Fortunately — also: not surprisingly — the four-time Grammy Award winner was worth the wait. And it was clear by this point that fans hadn’t taken a snow day; though it wasn’t a full house, two-thirds to three-quarters of it was full when he kicked his part of the night off with a full-hearted rendition of “Overseas,” from 2020 album “Reunions.”
As it turned out, Charlotte was actually a little bit lucky to have him at all, given the fact that earlier this month he was forced to cancel two shows in Asheville and to postpone concerts in Wilmington; in Columbus, Ohio; and in Wilkes-Barre, Pennsylvania.
“I have been sitting on the bus in my driveway for the last week, with COVID,” Isbell said after finishing the first song. “But I’ll tell you what, I got a couple negative tests and I saw that we were gonna come back out here and we were gonna play these rock and roll shows —” the enthusiastic crowd roared over the end of that sentence, making it impossible to understand what he was saying.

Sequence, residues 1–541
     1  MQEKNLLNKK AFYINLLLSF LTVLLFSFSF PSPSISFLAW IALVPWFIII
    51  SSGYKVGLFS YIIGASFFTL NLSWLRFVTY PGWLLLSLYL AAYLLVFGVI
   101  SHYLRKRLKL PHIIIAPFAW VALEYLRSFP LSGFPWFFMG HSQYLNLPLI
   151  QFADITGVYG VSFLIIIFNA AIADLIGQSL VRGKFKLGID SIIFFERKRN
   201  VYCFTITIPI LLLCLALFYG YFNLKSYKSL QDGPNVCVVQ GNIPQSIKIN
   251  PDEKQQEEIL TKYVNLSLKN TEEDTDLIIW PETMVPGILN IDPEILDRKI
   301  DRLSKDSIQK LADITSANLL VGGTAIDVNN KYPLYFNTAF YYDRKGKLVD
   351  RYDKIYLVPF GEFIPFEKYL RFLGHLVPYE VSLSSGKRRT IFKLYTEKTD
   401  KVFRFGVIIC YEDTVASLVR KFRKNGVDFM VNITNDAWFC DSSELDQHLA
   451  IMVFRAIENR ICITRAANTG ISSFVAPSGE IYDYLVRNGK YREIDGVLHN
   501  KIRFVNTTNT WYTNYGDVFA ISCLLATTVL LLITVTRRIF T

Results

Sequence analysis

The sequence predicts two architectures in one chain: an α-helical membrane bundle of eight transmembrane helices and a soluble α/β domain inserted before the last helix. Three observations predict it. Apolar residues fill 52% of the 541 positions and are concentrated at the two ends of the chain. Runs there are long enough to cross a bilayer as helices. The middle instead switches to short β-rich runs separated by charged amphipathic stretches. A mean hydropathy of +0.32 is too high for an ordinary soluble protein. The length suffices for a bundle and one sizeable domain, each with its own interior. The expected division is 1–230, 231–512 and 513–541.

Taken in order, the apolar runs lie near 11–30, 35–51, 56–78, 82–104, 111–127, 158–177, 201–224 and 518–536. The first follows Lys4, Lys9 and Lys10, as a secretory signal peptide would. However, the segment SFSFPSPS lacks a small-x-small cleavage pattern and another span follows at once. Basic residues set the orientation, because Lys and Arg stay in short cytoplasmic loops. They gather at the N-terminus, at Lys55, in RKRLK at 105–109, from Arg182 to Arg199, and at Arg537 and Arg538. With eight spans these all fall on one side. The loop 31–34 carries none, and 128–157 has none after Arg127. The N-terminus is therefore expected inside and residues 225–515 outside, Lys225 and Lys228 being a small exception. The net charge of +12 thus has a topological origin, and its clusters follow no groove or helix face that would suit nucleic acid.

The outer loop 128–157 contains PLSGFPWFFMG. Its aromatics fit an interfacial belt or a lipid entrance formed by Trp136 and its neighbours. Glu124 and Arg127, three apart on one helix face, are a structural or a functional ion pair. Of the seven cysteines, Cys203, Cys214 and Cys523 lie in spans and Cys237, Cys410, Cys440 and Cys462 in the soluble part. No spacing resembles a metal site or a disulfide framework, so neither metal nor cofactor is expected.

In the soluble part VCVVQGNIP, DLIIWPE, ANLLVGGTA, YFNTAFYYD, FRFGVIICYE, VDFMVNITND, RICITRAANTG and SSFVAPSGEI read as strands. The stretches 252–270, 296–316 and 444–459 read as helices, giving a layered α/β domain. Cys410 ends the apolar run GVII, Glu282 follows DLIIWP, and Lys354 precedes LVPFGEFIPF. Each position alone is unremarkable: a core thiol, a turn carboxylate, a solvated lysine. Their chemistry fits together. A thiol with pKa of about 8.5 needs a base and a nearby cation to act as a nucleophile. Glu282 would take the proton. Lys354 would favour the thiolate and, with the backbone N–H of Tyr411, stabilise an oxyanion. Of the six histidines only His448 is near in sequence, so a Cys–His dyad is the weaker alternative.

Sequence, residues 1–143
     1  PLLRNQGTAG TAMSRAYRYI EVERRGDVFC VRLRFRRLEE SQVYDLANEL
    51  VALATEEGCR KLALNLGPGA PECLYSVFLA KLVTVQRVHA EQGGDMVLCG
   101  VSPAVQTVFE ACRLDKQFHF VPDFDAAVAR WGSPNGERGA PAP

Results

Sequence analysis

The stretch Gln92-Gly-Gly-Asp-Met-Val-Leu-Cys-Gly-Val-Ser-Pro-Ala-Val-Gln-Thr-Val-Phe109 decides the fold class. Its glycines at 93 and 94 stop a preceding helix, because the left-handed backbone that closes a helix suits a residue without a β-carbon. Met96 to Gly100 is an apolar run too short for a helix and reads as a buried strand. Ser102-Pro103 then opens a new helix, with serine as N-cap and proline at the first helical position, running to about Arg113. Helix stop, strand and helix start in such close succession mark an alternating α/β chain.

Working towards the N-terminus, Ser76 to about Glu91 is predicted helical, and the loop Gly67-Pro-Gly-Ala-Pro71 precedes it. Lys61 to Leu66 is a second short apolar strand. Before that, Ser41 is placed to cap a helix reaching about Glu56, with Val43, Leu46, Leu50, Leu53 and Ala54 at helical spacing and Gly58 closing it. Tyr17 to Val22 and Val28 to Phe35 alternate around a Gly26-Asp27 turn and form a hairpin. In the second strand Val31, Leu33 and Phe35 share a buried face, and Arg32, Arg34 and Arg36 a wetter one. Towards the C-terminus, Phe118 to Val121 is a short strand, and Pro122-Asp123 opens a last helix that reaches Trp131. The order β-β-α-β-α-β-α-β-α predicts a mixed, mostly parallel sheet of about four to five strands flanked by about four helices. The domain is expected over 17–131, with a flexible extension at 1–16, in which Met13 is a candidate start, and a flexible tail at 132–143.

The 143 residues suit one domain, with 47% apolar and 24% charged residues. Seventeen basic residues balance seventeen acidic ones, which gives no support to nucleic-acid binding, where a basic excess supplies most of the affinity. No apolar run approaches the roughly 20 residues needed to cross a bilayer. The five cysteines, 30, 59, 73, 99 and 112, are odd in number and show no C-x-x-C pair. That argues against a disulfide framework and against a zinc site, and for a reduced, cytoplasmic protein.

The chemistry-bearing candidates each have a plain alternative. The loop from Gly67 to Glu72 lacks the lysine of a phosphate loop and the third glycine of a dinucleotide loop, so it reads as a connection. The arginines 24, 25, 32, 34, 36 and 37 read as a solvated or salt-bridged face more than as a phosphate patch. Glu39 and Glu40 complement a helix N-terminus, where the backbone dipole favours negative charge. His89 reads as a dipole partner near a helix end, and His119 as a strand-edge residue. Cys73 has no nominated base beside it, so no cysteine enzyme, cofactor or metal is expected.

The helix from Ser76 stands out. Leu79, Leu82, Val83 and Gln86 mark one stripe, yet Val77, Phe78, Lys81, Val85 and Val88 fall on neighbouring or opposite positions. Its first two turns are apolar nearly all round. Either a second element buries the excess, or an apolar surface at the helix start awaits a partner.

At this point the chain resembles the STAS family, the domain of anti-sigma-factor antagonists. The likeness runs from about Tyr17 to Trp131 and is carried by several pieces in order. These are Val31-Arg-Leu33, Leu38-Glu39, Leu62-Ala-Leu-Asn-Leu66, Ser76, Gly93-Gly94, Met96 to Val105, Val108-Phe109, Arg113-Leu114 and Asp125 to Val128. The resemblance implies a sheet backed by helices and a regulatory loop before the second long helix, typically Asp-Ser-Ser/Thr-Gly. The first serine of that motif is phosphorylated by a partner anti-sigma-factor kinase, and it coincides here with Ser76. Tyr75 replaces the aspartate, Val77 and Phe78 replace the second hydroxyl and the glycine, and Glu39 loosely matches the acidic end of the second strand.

They settled down, though, in time for him to clearly say this: “So, thank y’all for being here when we got back on the road. After going so long without being able to play for real human beings, this means the world to us.”
Isbell had promised in an interview with the Observer a couple of weeks ago that this setlist would be different from the ones he presented to Charlotte in 2017 and 2018, and he did so mostly by way of six songs off “Reunions” plus three from “Georgia Blues,” the album of covers of songs by Georgia-hailing artists that he put out in October.
One ended up providing one of the most electric performances of the evening.